Wednesday, April 20, 2011

Ordinary People

The Rolling Stones' album Black and Blue (1976), a minor record in the Stones' vast oeuvre and the first made after the departure of guitarist Mick Taylor, was released 35 years ago today. This fact in itself is trivial and hardly worth mentioning. More interesting, historically speaking, is the controversy surrounding the manner in which the album was promoted (pictured, left). The Rolling Stones, one of the earliest rock bands to model itself consciously on the 1950s jazz subculture (or counterculture), successfully blurred any clear distinctions between being bohemian and being deviant.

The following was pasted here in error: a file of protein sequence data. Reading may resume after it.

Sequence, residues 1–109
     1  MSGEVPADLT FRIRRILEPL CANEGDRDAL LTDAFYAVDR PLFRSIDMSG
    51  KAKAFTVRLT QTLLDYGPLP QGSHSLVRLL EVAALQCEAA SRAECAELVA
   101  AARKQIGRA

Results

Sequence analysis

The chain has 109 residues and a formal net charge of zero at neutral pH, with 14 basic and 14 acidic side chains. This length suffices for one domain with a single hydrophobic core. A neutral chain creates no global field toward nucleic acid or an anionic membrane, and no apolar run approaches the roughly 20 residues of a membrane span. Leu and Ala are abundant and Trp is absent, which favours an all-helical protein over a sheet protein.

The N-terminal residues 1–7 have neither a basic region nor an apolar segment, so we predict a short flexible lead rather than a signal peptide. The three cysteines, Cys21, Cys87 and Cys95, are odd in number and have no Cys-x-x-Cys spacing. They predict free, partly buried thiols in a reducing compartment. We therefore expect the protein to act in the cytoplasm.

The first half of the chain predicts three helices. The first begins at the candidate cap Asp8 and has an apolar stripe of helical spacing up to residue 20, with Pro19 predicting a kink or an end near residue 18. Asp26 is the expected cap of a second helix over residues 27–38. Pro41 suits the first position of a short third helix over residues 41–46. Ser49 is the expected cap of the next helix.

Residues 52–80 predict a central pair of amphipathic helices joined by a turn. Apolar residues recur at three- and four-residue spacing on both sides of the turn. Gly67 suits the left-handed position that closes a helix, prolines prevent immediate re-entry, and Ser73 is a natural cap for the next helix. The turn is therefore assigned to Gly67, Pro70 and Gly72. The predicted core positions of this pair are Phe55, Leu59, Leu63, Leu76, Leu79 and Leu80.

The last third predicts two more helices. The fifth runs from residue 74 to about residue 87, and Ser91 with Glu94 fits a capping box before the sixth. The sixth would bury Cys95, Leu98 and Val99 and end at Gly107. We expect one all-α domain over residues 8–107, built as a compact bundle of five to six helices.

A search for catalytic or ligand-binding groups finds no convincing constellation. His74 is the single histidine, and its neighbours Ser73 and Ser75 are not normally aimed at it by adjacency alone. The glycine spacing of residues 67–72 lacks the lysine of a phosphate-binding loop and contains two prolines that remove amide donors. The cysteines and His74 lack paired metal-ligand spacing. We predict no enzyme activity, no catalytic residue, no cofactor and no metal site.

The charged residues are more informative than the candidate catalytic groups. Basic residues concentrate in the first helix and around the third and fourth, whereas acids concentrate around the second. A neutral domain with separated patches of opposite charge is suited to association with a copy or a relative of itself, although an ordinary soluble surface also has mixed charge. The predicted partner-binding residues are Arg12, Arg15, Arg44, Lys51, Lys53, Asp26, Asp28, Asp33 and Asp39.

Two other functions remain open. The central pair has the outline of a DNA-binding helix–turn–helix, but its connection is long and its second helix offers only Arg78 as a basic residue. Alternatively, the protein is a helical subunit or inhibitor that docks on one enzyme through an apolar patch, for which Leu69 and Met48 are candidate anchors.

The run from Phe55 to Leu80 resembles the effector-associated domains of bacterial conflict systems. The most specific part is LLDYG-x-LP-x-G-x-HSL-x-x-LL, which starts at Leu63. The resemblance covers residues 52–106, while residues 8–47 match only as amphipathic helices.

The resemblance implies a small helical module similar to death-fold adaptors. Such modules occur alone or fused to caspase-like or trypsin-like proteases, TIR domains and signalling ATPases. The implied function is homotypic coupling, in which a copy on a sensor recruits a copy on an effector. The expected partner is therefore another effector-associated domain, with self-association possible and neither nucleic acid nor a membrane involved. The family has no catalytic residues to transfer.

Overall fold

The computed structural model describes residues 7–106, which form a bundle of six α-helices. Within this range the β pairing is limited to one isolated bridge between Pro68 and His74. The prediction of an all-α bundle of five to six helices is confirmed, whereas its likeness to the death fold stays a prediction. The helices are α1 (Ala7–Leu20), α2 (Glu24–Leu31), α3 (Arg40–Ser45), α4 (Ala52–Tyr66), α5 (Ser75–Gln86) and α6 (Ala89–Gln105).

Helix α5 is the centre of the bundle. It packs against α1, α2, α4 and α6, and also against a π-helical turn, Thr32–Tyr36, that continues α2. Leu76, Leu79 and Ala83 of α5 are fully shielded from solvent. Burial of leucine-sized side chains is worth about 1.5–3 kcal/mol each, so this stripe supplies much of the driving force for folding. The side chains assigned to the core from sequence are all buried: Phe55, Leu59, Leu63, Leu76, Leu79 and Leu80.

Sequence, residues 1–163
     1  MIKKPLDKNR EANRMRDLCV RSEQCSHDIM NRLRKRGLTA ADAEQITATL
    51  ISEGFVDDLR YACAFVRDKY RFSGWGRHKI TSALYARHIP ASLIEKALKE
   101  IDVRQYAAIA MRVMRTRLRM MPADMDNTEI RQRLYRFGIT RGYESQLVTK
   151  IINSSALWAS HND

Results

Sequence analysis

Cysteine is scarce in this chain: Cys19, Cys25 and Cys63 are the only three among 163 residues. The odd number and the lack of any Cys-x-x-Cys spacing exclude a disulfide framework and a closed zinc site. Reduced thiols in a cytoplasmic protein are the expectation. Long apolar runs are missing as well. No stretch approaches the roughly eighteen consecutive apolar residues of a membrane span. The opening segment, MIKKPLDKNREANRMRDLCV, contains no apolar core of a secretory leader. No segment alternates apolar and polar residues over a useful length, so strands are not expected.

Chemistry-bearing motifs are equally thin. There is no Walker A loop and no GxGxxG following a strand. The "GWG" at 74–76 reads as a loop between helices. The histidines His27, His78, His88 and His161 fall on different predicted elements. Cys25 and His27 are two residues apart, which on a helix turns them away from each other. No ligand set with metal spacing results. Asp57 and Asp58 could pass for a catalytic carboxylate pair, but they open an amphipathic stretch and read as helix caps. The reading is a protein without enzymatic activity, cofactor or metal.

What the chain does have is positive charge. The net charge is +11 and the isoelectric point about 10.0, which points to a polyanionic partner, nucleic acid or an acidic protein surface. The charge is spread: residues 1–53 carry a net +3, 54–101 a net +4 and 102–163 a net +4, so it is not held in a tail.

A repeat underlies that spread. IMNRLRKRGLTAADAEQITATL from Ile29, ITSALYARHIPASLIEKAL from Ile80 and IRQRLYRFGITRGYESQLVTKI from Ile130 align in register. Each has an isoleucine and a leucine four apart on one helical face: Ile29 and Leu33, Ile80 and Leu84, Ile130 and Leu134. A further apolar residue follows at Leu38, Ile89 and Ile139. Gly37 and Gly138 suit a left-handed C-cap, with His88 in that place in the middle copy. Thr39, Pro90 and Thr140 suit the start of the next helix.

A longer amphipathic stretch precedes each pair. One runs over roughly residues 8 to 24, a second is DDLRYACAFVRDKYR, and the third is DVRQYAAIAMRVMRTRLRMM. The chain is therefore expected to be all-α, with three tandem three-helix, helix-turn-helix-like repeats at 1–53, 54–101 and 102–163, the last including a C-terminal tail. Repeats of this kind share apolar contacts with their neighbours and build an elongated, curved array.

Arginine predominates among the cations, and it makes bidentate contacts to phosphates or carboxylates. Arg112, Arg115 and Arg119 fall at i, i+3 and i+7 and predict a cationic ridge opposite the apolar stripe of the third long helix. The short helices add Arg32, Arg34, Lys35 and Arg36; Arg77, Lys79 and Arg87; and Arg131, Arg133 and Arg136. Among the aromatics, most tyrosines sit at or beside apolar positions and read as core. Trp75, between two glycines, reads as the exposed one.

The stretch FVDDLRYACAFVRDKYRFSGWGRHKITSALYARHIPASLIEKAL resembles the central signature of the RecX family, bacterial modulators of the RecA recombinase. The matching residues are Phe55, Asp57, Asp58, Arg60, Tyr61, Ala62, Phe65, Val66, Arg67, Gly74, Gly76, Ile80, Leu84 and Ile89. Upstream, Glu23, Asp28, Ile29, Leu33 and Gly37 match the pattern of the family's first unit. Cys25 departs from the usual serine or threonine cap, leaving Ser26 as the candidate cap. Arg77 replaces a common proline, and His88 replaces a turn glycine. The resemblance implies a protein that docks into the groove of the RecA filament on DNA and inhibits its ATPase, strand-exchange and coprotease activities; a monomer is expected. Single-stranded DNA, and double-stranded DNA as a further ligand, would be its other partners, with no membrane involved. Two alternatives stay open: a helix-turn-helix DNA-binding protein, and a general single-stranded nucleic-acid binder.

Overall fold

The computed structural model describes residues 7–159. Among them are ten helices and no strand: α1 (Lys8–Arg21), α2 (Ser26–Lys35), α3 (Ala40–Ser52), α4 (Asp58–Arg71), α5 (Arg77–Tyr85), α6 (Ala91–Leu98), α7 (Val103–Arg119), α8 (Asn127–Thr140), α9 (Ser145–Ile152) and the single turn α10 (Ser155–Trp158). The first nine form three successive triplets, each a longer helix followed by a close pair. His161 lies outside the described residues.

The trend began, at least in terms of the band's album covers, with the graffiti-covered bathroom wall of Beggars Banquet (1968), which invoked the stereotypical site, in the popular imagination, of the male homosexual encounter. The origins of the S&M themed promotional image for Black and Blue came out of trends in fashion photography in the mid 70s, in particular the work of photographers such as Helmut Newton and Chris von Wangenheim. A year before Black and Blue's release, Newton had created a controversial May 1975 Vogue spread, "The Story of Ohhh…," which featured an image of a man sadistically grabbing hold of a woman's breast, linking sex, violence, and danger. On his part, Von Wagenheim had created a advertisement depicting a bejeweled model being bitten on the wrist by a Doberman pinscher. Although I no longer remember the moment when I first saw the promotional image for Black and Blue, studying it now it seems to be both a deliberate provocation as well as something of a put-on, perhaps another instance of Pop Art irony, possibly yet another illustration (for some) of art's fundamental donnée, to disturb. While the poster's visual pun on "black and blue" is hardly subtle -- a kid in junior high can get it -- that doesn't seem to be the real point. Album cover aside (in which the Stones seem strangely mannequin-like, alienated, and unfocused, perhaps to suggest the state of the band at the time), the poster for Black and Blue links sexual adventurism with S&M. The poster's self-conscious S&M theatricality, with its cuffs and ropes and its staging of violence and humiliation and the model's unambiguous sexual invitation, suggests domination and enslavement as well as outre´ sex as an exciting way of life. Hence the Stones represent everything hip and Modern--they are with it, man.